'HDB asked if we are doing something illegal': This couple knocked down the walls in their Yishun flat to create a rustic, open-concept space

Liew Kok Fong and Ong Cai Yi have been living in their Yishun flat for nearly seven years — and it shows.

From the wine stains on their raw wood dining table to the sentimental knick knacks on their shelves, this couple's open-concept space screams lived-in, but that's just how they like it.

A home that ages

The first thing that strikes us when we meet Kok Fong, 38, and Cai Yi, 37, in their home is how different it looks from the photos of it we've seen.

Just four years ago, it was the epitome of minimalist Japandi chic. Now, they've accumulated an entire 'green corridor' of plants, a couple more chairs to lounge in, and the space reminds us more of a tranquil garden.

With all the flora, they even attract bugs, bees and the occasional hummingbird, says Kok Fong, who runs his own architecture firm, Studio Super Safari.

The couple, both trained in architecture, explains that their vision was to create a homely, practical space that would grow along with them.

"The house will change every year because we add in plants, and we add in our buys along the way," says Kok Fong.

Drawing our attention to the plywood shelves lining their dining space and their impressive three-metre-long table, he adds, "These are all very raw wood and we do not treat or finish them. They are meant to be aged along the years."

Space over rooms

To turn their dream home into reality, the couple had to make some big changes to their five-room BTO flat.

With just the two of them occupying the flat, they really only needed one bedroom, says Kok Fong.

And so, they knocked down nearly all of their internal walls to create three open-concept spaces tailored to their lives: a dining room that doubles as their workspace, an entertainment room perfect for hosting their friends and family, and a master bedroom which they call their sanctuary.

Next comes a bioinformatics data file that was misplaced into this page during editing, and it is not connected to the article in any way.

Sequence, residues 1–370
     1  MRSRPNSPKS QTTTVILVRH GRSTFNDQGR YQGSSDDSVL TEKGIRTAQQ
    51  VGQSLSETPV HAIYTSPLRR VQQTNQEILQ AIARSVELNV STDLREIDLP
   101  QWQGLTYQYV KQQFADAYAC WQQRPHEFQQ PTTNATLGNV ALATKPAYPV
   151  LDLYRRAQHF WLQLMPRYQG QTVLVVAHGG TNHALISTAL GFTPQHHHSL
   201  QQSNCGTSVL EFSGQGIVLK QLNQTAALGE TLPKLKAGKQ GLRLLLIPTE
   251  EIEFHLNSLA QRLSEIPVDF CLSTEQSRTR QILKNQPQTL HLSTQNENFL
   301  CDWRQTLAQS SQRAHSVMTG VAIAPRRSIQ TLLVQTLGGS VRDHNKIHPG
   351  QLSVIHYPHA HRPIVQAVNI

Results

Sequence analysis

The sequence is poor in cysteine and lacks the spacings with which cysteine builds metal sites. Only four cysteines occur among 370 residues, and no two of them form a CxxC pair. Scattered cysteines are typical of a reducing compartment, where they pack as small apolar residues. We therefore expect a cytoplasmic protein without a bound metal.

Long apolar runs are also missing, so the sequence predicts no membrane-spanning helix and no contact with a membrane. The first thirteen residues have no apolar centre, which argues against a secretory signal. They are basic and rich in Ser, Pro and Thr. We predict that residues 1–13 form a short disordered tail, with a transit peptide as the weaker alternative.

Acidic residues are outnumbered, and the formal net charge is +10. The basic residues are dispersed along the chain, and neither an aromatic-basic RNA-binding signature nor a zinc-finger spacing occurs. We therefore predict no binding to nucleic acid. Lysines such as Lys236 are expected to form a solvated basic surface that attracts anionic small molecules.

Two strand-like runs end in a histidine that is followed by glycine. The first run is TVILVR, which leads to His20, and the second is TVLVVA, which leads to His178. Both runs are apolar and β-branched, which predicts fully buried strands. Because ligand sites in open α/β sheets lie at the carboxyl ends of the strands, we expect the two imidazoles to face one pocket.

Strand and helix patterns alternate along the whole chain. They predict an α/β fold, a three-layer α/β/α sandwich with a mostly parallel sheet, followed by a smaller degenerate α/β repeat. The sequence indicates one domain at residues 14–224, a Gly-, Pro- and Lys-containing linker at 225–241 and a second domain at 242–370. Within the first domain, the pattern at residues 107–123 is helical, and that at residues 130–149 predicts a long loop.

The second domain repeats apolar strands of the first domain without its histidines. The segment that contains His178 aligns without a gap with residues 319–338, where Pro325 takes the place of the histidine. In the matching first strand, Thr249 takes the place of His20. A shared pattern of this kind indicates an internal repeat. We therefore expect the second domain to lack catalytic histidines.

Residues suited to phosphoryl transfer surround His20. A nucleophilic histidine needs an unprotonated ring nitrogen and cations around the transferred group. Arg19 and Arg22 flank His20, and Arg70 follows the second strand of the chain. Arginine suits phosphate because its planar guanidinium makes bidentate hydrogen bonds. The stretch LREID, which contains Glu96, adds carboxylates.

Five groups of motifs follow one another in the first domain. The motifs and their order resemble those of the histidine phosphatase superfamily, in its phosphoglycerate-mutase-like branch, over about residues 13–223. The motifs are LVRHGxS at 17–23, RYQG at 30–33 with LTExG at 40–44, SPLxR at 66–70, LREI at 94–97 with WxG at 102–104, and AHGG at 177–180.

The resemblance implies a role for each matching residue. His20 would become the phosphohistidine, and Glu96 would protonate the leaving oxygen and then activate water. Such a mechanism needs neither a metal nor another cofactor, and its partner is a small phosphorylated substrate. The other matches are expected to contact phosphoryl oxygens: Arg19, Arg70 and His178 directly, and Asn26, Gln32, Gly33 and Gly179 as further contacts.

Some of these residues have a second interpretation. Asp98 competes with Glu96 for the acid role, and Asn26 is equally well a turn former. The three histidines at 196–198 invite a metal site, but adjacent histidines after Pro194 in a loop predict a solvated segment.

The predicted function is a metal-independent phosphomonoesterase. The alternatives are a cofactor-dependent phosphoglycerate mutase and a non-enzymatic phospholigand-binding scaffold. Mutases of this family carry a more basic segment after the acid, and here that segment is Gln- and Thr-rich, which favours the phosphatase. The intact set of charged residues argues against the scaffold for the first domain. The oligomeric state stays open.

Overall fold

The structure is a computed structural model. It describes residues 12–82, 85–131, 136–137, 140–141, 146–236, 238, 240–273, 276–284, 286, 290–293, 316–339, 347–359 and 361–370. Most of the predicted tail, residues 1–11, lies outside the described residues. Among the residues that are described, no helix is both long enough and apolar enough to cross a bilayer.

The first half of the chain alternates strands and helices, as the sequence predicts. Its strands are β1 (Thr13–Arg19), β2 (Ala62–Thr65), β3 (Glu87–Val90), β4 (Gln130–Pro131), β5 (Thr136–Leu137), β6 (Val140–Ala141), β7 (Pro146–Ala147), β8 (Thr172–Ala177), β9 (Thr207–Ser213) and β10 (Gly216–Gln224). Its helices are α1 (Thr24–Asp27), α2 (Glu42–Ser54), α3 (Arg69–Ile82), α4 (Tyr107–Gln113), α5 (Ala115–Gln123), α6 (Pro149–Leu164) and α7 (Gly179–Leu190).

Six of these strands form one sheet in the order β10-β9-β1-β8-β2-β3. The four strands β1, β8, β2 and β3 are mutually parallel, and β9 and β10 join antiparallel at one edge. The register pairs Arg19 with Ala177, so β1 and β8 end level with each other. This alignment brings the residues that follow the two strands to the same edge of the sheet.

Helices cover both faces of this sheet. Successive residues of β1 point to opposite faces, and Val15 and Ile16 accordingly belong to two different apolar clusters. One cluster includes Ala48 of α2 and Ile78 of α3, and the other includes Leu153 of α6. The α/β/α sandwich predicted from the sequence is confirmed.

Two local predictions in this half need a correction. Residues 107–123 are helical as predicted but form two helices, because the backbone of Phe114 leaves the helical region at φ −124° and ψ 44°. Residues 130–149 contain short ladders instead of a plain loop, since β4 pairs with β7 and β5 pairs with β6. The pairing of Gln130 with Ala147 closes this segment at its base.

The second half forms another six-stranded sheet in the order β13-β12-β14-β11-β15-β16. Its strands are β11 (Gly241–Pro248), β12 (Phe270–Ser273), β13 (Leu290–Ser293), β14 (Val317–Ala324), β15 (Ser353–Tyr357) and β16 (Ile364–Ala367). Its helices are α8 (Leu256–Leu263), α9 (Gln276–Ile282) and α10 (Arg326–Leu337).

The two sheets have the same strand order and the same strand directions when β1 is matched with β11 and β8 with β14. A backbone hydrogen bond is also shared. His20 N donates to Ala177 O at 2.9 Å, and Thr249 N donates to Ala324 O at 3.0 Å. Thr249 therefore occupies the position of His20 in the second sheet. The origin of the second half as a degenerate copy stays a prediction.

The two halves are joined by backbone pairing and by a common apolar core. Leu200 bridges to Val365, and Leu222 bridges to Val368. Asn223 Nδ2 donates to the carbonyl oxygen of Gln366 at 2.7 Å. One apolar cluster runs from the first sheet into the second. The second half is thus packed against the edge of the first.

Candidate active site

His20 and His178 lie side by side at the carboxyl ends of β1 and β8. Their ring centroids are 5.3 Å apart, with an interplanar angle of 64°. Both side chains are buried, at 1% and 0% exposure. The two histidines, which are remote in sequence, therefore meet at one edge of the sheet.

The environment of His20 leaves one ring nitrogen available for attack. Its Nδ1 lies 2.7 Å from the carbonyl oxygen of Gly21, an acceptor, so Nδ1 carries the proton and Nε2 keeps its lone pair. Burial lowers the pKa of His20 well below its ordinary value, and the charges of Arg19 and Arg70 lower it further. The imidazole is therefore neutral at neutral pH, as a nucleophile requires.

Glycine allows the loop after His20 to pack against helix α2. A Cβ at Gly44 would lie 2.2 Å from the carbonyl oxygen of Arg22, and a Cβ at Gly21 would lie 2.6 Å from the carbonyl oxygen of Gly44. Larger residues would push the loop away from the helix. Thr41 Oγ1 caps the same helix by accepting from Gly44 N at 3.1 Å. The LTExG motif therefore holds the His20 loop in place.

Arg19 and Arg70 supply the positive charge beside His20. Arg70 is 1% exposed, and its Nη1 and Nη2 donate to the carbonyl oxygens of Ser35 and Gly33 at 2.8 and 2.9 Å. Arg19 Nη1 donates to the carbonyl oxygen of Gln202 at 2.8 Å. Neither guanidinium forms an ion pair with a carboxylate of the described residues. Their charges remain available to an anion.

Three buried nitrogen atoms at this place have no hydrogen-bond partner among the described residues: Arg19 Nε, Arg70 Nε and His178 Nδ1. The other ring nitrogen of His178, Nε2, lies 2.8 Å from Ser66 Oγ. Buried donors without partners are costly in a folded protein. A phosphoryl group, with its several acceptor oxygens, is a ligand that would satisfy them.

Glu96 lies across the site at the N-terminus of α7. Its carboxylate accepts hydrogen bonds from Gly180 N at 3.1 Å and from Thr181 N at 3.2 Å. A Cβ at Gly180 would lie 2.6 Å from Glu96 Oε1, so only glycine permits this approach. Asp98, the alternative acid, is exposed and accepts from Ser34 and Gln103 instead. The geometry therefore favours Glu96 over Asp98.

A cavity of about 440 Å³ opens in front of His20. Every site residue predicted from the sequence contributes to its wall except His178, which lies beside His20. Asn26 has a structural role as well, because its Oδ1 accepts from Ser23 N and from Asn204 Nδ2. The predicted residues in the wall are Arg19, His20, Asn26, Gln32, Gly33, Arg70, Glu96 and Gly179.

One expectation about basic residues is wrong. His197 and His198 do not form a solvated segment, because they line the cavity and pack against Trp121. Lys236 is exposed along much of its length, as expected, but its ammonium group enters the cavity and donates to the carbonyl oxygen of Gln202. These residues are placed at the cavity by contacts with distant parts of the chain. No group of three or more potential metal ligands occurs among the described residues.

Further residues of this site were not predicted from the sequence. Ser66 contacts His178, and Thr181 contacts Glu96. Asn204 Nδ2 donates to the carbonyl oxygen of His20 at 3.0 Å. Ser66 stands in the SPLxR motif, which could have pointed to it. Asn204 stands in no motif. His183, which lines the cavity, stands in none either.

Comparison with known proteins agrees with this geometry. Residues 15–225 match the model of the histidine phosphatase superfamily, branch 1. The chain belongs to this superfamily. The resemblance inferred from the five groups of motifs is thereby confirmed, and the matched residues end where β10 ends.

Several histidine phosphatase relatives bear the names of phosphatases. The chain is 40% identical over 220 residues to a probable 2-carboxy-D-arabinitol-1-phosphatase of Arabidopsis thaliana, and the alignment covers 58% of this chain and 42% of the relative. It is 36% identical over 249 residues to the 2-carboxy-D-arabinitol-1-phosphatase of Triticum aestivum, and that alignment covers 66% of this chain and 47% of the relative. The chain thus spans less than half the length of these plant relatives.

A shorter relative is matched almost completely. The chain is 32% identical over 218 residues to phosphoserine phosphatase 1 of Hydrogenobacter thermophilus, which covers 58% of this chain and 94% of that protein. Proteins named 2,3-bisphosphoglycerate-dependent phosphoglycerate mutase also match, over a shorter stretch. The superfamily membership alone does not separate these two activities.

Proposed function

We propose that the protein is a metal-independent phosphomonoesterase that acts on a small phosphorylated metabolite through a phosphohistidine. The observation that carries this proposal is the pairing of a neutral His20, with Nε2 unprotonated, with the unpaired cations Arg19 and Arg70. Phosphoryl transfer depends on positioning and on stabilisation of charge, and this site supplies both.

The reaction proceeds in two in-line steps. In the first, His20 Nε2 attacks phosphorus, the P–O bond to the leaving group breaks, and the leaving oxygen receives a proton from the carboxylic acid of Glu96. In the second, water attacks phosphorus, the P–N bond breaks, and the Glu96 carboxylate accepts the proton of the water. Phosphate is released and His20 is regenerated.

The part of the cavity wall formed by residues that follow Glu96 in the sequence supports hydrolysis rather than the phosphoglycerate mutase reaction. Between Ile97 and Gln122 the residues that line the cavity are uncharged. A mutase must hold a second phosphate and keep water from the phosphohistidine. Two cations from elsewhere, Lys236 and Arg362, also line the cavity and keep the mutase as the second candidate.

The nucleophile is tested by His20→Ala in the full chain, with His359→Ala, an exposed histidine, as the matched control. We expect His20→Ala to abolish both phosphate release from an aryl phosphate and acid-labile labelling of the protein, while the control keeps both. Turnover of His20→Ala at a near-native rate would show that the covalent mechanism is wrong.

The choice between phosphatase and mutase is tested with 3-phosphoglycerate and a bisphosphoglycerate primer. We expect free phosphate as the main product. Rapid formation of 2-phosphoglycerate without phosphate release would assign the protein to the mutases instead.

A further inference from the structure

Their remodelling was so extensive that it even earned them a call from a HDB officer, Kok Fong tells us.

"They asked me why I'm hacking (down) every wall and if we are going to do something illegal!"

Fortunately, the officer was amused by his explanation that they "love space more than rooms" and they were able to obtain the required permits.

No sofa? No problem

Besides their outdoorsy dining room, the couple's living room and bedroom are filled with unique design choices.

For instance, they don't have a sofa.

Gesturing at their rubberwood platform floor which spans their living room and bedroom and functions as extra storage space, Kok Fong declares, "The whole area is actually a sofa, because everyone can sit everywhere."

Before the pandemic hit, they comfortably hosted groups as large as 25, Cai Yi says.

Six collapsible tables are situated right in the middle of the room — perfect for game and karaoke nights — but easily stowed away when Cai Yi wants to use the room for yoga with her friends.

All in all, their home renovation cost them around $80,000 and they didn't have to pay a design fee. Kok Feng quips, "There's no design fee because we are the designers."

Their only regret? Not installing an air conditioner in their dining room.

As Kok Fong puts it, "This is where we share experiences, share stories over a long table with the greenery behind, and with the wind across. But sometimes it gets hot lah!"


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